HAMMOND | There are athletes who are students, and students who are athletes.
Ivan Vargas identifies with the latter.
"I guess I was alright as a player ... nothing special," said Vargas, who played soccer at Morton. "Yeah, it would have been nice to play in college, but I really wasn't at that level. Soccer was a sport I just loved playing while growing up.
"I was more focused on academics to get into college."
Vargas was focused enough to gain acceptance into Notre Dame. Hammond's College Bound programs, which helps qualified city students with their tuition in return for community service, assisted Vargas with his scholarship.
While he was enrolled with the program, Vargas came up with the idea of the Mayor's Cup 3v3 Soccer Tournament.
"It was something I was thinking about doing anyway," Vargas said. "When I got (Hammond Mayor Tom McDermott's) backing, that's when I thought I can use the working putting it together toward my College Bound service."
Now on the verge of attaining his Ph.D. in clinical psychology as a graduate student at the University of Michigan, Vargas is organizing his eighth Mayor's Cup, which takes place July 25-26 at the Hessville Soccer Complex -- the cup's home since 2012.
"Last year we had about 120 teams," Vargas said of the tournament that caters to four-person boys and girls teams with age-groups ranging from U8 to adult. "That's been a steady number for us for the last few years, and that's about what we like for the space we have here."
Since 2011, the Mayor's Cup has served as a qualifier for the 3v3 Live National Championships.
Proceeds from this year's tournament will go to the newly minted Hammond Soccer Student Athlete Award, which will go to one or two prep soccer players from the city.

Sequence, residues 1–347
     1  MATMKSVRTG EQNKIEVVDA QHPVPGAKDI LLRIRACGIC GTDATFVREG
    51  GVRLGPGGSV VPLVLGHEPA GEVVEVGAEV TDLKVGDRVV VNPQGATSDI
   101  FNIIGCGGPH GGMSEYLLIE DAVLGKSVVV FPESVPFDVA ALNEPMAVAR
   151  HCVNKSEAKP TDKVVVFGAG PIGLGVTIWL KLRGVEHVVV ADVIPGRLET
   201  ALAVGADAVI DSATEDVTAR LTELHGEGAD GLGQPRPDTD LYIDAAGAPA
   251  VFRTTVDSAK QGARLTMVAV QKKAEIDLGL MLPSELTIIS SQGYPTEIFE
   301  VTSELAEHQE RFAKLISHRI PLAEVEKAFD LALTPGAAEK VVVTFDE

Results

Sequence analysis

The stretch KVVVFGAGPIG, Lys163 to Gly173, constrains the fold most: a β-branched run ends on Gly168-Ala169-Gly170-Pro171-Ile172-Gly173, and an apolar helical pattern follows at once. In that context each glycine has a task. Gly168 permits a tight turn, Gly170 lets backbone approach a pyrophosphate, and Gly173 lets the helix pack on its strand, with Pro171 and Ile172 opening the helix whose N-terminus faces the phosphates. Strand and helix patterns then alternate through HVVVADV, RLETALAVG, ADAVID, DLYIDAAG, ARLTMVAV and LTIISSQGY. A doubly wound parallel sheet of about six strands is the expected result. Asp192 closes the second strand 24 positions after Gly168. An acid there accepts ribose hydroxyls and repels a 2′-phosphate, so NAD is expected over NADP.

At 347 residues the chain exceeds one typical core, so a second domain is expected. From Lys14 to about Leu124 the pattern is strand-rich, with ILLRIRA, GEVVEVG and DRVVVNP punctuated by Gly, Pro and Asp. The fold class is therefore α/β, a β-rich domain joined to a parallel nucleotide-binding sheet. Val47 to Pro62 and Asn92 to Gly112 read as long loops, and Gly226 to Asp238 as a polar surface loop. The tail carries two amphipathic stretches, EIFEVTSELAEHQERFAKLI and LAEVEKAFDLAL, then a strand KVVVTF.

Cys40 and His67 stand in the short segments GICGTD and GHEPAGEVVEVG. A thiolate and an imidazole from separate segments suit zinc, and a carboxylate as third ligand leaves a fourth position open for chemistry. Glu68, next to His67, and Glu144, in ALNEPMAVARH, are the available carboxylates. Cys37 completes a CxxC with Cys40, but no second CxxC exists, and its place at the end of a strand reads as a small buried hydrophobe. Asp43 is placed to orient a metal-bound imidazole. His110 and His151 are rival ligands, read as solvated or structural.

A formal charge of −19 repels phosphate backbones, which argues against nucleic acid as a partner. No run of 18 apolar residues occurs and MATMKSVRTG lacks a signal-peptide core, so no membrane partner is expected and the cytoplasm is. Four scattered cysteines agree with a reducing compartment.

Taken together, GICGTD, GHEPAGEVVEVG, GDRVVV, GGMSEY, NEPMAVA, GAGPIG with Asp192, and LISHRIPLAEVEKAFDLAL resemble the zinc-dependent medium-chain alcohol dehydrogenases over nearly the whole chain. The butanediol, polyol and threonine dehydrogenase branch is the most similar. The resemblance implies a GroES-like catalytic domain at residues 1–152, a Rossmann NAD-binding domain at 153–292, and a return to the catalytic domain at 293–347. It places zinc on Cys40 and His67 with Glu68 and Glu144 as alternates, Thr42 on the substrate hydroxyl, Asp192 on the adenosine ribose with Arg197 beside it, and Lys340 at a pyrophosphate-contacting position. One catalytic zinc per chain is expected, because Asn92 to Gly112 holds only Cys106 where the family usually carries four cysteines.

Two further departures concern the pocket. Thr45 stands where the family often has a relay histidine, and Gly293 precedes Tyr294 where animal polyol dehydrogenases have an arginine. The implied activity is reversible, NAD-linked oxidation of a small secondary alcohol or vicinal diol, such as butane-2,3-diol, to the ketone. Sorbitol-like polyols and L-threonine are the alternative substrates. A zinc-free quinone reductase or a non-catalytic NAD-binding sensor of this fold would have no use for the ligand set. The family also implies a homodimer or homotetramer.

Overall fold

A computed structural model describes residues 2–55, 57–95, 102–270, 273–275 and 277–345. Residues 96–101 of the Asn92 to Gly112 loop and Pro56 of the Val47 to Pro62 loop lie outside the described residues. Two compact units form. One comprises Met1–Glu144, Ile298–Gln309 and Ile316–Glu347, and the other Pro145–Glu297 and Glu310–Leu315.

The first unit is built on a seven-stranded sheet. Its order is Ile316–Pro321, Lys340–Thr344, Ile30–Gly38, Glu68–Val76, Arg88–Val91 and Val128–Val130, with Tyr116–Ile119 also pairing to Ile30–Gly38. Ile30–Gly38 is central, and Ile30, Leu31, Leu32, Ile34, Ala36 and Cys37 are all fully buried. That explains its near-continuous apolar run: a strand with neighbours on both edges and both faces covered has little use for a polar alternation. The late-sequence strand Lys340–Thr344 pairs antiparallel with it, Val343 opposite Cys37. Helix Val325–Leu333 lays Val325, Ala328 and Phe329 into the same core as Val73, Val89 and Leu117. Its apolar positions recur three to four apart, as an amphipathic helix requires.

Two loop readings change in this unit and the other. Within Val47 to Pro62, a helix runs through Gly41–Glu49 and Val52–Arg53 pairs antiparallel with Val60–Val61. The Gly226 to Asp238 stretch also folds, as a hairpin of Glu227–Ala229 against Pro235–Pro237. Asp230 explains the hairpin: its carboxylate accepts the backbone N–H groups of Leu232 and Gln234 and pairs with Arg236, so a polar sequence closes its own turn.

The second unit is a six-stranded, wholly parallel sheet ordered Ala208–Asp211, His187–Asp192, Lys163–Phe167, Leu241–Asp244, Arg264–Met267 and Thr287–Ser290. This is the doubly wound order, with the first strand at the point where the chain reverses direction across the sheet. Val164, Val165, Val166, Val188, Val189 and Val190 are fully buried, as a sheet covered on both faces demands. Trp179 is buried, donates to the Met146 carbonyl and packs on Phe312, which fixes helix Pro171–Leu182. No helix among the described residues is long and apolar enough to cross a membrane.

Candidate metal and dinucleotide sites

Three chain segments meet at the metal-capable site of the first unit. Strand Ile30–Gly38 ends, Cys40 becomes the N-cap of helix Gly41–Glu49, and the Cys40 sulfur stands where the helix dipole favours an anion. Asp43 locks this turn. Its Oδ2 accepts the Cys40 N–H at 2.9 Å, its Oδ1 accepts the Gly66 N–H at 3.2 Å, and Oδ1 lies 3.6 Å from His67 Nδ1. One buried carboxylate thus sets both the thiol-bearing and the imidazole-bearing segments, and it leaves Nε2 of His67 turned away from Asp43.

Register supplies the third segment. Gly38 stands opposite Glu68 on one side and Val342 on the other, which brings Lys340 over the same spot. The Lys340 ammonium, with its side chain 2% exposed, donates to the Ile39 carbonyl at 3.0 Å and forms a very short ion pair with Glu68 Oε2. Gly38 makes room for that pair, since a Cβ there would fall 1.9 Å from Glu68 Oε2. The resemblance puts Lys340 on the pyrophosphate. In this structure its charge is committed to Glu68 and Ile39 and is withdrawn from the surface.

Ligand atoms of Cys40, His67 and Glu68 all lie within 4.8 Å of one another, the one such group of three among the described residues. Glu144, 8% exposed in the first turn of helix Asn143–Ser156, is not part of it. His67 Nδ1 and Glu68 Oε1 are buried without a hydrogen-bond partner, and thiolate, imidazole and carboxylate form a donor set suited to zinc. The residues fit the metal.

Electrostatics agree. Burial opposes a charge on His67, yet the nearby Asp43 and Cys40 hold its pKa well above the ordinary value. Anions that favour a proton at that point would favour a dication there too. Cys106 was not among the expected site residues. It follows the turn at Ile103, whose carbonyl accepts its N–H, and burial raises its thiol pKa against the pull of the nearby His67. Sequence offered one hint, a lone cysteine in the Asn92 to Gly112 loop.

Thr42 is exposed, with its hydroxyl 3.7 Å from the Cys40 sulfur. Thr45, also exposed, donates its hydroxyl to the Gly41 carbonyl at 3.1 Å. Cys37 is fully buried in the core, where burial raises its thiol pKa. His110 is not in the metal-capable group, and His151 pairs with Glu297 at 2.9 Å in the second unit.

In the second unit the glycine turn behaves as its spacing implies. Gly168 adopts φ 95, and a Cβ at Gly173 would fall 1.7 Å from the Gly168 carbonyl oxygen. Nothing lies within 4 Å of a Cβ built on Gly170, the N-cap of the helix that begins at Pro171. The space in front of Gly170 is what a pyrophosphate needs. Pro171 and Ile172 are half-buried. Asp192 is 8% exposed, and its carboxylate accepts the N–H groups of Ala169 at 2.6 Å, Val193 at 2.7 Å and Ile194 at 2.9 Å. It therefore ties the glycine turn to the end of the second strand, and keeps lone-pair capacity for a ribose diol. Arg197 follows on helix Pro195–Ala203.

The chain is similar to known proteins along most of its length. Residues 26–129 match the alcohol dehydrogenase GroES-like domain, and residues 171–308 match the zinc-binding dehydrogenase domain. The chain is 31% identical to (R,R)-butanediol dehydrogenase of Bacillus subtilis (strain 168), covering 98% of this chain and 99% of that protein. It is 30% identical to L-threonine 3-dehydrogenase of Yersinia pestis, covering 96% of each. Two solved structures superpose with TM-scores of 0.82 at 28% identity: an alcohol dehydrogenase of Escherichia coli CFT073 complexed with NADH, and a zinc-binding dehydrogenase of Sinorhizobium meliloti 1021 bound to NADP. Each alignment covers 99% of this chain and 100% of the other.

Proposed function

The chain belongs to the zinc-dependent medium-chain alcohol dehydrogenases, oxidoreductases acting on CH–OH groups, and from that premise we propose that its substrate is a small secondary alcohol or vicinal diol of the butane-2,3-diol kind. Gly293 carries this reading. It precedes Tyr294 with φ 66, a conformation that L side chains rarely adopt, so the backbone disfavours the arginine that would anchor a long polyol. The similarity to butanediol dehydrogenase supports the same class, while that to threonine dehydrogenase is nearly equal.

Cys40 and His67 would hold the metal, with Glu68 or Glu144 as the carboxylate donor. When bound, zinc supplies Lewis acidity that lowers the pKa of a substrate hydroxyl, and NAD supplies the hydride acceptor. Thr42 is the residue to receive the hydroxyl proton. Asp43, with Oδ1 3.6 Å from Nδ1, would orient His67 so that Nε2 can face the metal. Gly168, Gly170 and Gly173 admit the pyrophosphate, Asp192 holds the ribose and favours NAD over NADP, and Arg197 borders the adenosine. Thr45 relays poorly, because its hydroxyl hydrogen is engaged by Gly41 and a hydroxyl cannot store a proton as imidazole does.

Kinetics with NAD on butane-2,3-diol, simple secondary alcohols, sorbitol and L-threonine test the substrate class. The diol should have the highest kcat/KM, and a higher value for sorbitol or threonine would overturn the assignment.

"The award will pay entry for the 2016 Future 500 ID Camp," Vargas said of the week-long college recruiting camp -- this year's camp is being held at Eastern University (boys) and Cabrini College (girls) in St. Davids, Pa.
"They move it around from year to year, but it's always held at a college campus," Vargas said. "They'll have professional trainers and coaches from 50 of the top colleges in the nation in attendance.
"It's a great opportunity for those who want to play in college, or maybe someday play professionally."
Application forms for the award, which will be taken until Dec. 1, 2015, can be downloaded from the cup's website -- www.hammondmayorscup.org. Eligibility criteria includes Hammond residents who will be sophomores and juniors for the 2015-2016 school year, and at least a 3.0 grade-point-average.
Recipients will be announced next March.
The Mayor's Cup has emerged as one of the city's big community events of the summer, but it does tend to attract a few overzealous soccer moms (and dads), and perhaps even fewer disgruntled players who are a step or two slower than they think they are.
Good to have a psychology degree to troubleshoot the drama these people tend to conjure up.
"Really, I don't know if my studies help me with this or if it's the other way around," Vargas said. "I know when I had to put clinical study groups together, having the experience of putting together and running soccer tournaments seems to better prepare me for it."